Thursday, 17 January 2008

When you have too much material







Yesterday I finally can began my projects again after Christmas. My 'sewing group' started , so I had to unpack what I cleaned away from the living room tables, chairs and floor, just to find something to take with me there. I decided to finish a quilted shopping bag there, it needed just to be put together, and the lining with a zipper pocket, and the handles. This means I had done the fun part already, the quilted sides and bottom. I had it almost done, but the school's sewing machines are not too sophisticated so I wanted to fasten the zipper at home. The picture shows what was made before Christmas.



My big problem is storaging everything so that I can a) remember b) find what I have. It would be easy enough to pile up neat little folded pieces of cloth on shelves, sorted by color or purpose of use. But my pieces are not usually square but irregular, and they have a tendency to heap up and fall over. There are so many recycled pieces which I never bother to iron unless I choose to use them, and they are impossible to store neatly. I'm the second youngest of six children, and so I'm used to getting handovers. Everyone knows I quilt, and so they ask if I'm interested in some pieces they want to get rid of when clearing their closets. This way they don't need to throw anything away, because of course I take it, and so I have some more material to sort, store, remember, find use for. And I have no way to clear my closets, because I need to use what I have. And usually I have no time or energy.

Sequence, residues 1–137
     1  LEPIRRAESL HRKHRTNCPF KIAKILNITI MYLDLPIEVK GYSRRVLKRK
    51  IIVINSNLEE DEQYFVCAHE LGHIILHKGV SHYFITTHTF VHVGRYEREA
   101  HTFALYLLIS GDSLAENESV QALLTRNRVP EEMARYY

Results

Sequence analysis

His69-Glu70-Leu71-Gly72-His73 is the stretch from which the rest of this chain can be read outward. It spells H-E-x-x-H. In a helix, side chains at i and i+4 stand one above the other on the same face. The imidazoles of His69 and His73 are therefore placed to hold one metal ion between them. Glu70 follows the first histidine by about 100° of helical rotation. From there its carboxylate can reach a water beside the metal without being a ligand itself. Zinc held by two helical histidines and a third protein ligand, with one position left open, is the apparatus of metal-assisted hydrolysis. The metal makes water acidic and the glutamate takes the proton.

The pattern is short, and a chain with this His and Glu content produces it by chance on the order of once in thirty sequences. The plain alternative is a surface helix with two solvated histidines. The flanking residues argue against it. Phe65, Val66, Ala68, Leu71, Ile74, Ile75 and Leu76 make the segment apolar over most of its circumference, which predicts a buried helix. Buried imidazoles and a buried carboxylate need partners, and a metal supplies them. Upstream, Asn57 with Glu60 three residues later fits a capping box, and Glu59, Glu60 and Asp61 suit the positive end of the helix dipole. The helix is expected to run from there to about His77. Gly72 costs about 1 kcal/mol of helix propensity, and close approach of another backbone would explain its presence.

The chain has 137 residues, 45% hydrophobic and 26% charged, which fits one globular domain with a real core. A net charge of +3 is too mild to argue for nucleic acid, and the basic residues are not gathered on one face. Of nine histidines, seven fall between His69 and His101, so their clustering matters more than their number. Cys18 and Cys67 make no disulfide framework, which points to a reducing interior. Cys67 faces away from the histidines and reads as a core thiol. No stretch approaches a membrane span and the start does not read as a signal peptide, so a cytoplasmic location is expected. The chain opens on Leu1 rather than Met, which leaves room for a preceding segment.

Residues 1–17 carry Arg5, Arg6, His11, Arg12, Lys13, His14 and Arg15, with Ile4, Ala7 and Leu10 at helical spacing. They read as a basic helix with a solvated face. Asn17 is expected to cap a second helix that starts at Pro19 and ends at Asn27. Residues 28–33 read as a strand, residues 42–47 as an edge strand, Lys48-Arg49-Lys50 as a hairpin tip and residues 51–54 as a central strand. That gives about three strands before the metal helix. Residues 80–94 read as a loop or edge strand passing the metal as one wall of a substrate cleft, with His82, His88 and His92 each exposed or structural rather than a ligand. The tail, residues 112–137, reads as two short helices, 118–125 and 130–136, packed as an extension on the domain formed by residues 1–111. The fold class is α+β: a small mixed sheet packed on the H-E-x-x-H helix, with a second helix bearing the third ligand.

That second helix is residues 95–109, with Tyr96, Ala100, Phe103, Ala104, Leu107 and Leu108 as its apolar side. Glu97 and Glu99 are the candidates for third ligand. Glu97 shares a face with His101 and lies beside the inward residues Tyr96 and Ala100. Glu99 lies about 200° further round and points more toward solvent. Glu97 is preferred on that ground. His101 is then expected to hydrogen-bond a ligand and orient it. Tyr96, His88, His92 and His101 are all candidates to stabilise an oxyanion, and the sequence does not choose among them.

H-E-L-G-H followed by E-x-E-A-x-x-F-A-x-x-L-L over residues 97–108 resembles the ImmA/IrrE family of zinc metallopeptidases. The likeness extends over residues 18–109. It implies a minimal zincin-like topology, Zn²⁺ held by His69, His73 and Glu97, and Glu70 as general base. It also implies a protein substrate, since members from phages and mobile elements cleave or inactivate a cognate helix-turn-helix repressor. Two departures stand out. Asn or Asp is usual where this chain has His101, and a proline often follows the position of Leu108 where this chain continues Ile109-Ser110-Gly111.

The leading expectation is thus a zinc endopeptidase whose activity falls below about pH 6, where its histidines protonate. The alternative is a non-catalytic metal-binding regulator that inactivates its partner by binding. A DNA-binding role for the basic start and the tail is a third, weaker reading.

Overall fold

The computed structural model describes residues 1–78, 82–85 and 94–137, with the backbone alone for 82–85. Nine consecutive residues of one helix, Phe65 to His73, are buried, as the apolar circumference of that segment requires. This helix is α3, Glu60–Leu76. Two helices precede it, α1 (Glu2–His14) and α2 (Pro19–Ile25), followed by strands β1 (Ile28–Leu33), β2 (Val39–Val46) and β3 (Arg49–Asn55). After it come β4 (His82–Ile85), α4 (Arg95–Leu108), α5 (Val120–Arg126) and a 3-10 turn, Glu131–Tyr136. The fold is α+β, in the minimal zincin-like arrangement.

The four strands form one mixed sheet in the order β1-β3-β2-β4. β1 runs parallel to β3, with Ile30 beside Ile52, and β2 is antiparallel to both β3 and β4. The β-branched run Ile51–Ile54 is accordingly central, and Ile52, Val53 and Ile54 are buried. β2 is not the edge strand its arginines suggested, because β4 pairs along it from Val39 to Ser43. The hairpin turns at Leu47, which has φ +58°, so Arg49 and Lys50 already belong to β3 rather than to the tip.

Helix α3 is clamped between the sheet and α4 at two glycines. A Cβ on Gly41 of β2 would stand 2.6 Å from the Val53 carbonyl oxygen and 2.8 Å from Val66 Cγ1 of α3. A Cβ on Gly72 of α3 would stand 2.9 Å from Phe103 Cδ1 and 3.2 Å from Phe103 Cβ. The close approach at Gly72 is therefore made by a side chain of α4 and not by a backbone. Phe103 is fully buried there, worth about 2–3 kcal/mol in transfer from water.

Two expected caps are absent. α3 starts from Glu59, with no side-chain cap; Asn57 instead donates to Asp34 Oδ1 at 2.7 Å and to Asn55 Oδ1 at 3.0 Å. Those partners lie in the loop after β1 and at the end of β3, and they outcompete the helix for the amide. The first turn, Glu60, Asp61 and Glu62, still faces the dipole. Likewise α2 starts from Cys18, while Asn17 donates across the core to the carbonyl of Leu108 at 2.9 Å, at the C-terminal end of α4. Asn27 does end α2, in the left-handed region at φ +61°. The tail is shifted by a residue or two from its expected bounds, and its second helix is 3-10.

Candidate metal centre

Last autumn I remembered again a very useful technique to get rid of lots of material, even the ugly ones. It's called chenille or slash cut . I make 5-6 different layers of old shirts, jerseys, bedsheets, whatever, on a bottom layer I have sewn together from old jeans or other heavy material.










Then I paste the layers together. After that I draw some guide lines along the bias for stitching. The whole thing will be stitched in parallel lines about 1,5 - 2 cm apart, an easy way to get rid of useless rests of sewing thread.





Finally all top layers are cut between the stitched lines, the edges finished and the whole thing washed in the machine.





This is how far I made it yesterday. More pictures after the weekend when I have more time to finish this little bedside rug.


1 comment:

  1. This looks like a very interesting technique that I may have to try. I have bags of old fabric samples that I have no idea what to do with. This looks perfect.

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